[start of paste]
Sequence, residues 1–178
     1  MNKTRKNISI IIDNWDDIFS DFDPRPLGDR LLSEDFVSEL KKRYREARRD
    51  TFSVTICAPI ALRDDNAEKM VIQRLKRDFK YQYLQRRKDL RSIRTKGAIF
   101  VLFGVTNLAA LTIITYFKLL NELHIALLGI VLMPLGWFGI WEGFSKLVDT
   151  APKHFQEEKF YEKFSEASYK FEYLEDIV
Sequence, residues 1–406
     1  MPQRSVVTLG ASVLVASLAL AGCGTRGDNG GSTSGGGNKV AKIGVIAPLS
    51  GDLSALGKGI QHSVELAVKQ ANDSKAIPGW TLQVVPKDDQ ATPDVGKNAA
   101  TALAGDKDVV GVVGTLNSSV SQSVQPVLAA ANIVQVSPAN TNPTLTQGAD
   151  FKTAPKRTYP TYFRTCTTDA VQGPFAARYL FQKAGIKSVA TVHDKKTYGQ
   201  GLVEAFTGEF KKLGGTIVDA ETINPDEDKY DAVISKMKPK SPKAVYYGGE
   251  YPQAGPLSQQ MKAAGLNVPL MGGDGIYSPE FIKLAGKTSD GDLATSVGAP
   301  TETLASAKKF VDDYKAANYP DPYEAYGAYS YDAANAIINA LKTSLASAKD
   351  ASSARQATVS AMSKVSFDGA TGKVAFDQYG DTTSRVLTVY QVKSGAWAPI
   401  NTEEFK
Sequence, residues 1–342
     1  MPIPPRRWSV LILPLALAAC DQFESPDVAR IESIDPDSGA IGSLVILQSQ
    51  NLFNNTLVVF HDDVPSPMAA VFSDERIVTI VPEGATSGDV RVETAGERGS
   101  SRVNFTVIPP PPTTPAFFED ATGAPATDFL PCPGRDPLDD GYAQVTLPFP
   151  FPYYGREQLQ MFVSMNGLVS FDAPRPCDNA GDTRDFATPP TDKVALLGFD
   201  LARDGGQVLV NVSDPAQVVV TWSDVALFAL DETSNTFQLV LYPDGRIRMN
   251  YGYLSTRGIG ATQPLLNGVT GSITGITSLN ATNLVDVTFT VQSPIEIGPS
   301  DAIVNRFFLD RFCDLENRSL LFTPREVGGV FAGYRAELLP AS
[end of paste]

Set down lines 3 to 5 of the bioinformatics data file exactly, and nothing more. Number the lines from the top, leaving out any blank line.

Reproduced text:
    51  TFSVTICAPI ALRDDNAEKM VIQRLKRDFK YQYLQRRKDL RSIRTKGAIF
   101  VLFGVTNLAA LTIITYFKLL NELHIALLGI VLMPLGWFGI WEGFSKLVDT
   151  APKHFQEEKF YEKFSEASYK FEYLEDIV